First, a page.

As we rose to the sad news of the passing of Mr Andrew Mlangeni this week, we had been working on the third draft of an essay in the filmmaker and noted.man contributor, Mr Lebogang Rasethaba’s ongoing series on access. It is, as you will read below, an intimate insider portrait of the Rivonia trialist through the prism of the poetic and infuriating process of making Rasethaba’s award-winning 2016 documentary Prisoner 467/64: The Untold Legacy of Andrew Mlangeni. Today we publish that essay with heavy hearts that are at once bursting with joy at being able to share just a slice of a colossal story.
After spending 26 years on Robben Island, Ntate Andrew Mlangeni insists he isn’t angry. However, he may regret trying to overthrow the apartheid government because it cost him seeing his daughters grow up. “But no, I am not angry” he repeats. It is 2013 and the Andrew Mlangeni Foundation has commissioned a politician to write a book about him. By chance, we are invited to the first meeting, our initial brief to make a behind-the-scenes video of the book writing process. 15 minutes max, the chairman of the foundation – my father – stresses. The first meeting is a messy affair; disunity and discord, a disaster.
The author is there, his researcher, me and my cameras, my producer, my father and a lady who, unbeknownst to all of us, including herself, will become the narrative glue of the film we don’t yet know we are making. Today, however, she is being asked to be the editor of the Andrew Mlangeni Biography, a biography she doesn’t want to edit. I can sense her apprehension. We all can. But she is also a struggle veteran and that means she can’t really say no. It would be weird. Everyone is calling her comrade. Through the course of making the film we will come to realise that the struggle happened to a lot of people. We know quite intimately through history, who went out of their way to fight racism and be a part of something bigger, and who was at the right place at the right time. An older white woman with Greek heritage, she joined the struggle with active intent, it didn’t just happen to her.
Relationships collapse when expectations aren’t met and right there and then, in that room, before any of these relationships are even formed, they are already collapsing. Was it a meeting about the book? What book? Are you a writer or an MEC? Has your researcher ever researched? And who the fuck are these guys with their cameras? They say it’s hard to track people’s interior dialogues because all the instruments that can be used to measure them change their form drastically, giving them a new life. For example, we will often try use words or pictures to try measure interior dialogues, but that defeats the purpose doesn’t it? The more enterprising scholars in this field have suggested that body language is the purest metric of interior dialogues. The lady’s discomfort becomes a fascination to me and I can’t stop looking at her every weight transfer, every shift, from leaning back in the chair to forward, elbows on the shiny varnished brown table, a raised eyebrow, “this is a fucken joke” I can hear her think.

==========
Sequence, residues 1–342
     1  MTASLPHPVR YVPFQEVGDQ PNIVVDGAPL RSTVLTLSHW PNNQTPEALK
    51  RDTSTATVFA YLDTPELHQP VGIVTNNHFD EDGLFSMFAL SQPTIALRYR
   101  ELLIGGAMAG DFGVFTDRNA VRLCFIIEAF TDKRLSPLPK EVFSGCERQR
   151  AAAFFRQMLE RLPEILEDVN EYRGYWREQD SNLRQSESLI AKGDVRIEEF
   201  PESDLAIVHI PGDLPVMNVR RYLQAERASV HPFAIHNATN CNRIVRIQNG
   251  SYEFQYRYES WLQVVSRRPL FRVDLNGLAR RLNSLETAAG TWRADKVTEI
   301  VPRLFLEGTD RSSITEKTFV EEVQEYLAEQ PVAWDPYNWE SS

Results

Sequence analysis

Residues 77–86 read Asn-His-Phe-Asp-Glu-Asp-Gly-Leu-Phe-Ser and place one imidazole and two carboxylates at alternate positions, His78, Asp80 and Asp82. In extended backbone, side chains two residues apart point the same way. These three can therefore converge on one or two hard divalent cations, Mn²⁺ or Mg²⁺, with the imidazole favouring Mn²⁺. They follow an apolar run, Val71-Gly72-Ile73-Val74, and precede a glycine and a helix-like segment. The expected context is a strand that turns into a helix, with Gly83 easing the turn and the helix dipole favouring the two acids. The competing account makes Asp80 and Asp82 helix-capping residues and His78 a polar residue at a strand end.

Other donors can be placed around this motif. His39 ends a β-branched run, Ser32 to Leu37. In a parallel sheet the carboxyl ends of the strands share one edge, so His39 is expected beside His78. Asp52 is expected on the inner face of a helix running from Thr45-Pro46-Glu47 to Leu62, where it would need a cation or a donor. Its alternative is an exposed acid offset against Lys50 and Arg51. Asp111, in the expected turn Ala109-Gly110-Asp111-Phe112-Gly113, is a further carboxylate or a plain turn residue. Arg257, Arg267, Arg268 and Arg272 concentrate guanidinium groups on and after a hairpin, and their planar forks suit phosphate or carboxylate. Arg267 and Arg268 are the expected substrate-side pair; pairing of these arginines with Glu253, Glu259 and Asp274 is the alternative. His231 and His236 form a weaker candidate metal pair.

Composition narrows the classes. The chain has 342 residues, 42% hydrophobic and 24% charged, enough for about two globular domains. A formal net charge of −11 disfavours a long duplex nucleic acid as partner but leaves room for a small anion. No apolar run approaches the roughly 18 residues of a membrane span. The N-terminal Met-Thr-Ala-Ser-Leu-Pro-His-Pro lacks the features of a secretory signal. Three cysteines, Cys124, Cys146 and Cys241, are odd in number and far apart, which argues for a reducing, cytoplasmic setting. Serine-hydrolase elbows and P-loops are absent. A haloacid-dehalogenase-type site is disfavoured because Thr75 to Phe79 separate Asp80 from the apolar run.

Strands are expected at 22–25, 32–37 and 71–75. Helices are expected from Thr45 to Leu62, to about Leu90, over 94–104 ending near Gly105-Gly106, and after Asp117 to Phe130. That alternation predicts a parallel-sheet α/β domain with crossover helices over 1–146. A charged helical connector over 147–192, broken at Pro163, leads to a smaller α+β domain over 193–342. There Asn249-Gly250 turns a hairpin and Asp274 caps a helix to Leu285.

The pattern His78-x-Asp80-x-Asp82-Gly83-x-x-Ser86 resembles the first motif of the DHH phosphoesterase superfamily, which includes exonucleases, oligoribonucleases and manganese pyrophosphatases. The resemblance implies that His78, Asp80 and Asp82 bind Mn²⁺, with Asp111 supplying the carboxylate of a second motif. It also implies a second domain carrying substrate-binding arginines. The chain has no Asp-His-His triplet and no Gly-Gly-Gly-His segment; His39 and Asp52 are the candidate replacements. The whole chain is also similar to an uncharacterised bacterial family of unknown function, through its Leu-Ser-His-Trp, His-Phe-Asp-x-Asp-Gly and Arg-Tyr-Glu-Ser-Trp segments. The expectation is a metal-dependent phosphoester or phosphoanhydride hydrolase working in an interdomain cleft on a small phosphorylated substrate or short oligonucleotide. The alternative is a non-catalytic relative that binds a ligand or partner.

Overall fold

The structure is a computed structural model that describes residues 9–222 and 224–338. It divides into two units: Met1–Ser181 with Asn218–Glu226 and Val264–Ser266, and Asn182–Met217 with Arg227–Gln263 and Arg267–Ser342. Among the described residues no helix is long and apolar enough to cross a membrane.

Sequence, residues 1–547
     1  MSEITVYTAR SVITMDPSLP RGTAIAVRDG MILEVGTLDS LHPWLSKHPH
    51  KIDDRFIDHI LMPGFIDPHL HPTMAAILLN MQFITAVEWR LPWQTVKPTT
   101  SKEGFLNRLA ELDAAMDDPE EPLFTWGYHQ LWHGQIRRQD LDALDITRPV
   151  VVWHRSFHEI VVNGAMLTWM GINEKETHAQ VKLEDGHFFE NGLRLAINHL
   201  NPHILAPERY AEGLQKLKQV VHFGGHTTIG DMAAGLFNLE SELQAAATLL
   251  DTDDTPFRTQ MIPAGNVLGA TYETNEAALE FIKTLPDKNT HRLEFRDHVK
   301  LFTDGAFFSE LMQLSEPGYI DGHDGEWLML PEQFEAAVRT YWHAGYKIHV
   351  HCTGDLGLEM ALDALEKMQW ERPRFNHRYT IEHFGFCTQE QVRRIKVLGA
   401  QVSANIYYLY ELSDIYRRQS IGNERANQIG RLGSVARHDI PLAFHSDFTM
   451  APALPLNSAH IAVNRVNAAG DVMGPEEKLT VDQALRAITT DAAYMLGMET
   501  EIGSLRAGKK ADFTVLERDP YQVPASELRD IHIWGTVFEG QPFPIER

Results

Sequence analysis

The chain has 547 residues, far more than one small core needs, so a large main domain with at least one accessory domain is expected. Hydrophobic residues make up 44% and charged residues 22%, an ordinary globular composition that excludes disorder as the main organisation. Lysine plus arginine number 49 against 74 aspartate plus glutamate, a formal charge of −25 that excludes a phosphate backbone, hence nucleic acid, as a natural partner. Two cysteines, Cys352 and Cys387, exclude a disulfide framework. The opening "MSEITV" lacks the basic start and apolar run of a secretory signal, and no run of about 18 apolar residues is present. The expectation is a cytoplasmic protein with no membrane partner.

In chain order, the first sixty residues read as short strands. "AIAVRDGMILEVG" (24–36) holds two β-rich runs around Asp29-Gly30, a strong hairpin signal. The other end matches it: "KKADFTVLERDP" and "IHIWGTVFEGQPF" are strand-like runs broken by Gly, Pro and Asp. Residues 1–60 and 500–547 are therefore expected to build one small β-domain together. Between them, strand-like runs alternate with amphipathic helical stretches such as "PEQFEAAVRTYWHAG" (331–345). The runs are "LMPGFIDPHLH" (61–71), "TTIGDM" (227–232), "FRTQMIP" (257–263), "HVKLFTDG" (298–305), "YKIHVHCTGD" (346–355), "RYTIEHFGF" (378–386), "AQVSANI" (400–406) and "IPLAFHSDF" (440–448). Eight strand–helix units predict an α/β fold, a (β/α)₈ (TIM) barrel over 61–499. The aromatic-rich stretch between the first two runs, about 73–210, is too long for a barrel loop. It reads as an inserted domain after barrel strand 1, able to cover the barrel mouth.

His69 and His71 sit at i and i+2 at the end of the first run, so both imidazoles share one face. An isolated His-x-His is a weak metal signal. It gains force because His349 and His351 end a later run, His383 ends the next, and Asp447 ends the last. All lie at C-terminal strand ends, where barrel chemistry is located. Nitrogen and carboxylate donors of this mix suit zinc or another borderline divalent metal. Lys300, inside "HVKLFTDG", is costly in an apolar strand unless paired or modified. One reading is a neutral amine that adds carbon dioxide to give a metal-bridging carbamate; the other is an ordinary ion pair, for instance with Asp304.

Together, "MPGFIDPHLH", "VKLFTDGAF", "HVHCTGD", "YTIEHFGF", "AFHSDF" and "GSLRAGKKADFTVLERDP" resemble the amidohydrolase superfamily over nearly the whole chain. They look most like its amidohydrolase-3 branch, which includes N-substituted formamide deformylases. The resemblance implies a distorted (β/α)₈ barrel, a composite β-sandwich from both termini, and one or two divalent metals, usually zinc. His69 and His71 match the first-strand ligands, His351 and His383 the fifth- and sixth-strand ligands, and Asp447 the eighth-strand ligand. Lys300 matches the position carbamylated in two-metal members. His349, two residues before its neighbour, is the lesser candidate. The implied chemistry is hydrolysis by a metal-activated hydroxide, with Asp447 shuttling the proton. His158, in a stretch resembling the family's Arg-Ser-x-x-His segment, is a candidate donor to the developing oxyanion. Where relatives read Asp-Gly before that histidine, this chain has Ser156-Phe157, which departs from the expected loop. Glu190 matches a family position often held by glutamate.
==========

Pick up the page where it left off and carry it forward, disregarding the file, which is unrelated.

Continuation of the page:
“Today she is being asked to be the editor of the Andrew Mlangeni Biography, a biography she doesn’t want to edit. I can sense her apprehension. We all can. But she is also a struggle veteran and that means she can’t really say no. It would be weird.”
When I watch the footage from that day, I am both impressed and shocked at the ignorance of my own ability. We were way in over our heads and as a filmmaker this is a feeling I would have for the rest of my career. The first pre-interview is conducted by the author and after five hours we are still in the 1930’s, this isn’t going to work for us. We decide to schedule our own time to ask questions for our video, because we need brevity and it is taking the author hours to unpack the details of one lunar calendar. We need brevity.
After our first session of interviews we come to learn that the author isn’t the problem. Ntate Mlangeni has lived a long life, we are making a film about him and he wants to make sure we get the right information. The long, drawn out, overly detailed interviews are an act that only serves to uphold the righteousness of history, under the authority of his failing memory. The process is as beautiful as it is tiresome. A week later we are approaching the treason trial, things are getting exciting, but what we quickly realise is that there were many years of political inactivity in the country, years where nothing happened. “Let’s see. I got married, made children and not much happened for years after that.” We would leave Dube feeling robbed of an afternoon if the only new piece of information was about Mlangeni’s honeymoon. Making a historical film is interesting because it can feel like chasing the past. Each day I make the drive to Soweto I wonder if today is the day he tells us about the day they got arrested. I am blind to my obsession, nothing can satisfy me. I want the details of the arrest. Where were you? Where was Mandela? Sisulu ? Mbeki ? What did they say to you? What time of day was it? “Well, you must remember”, he would start, and I would sink into my chair, petulant and impatient, a child, because I would know that meant at least another four hours of a story I didn’t care for.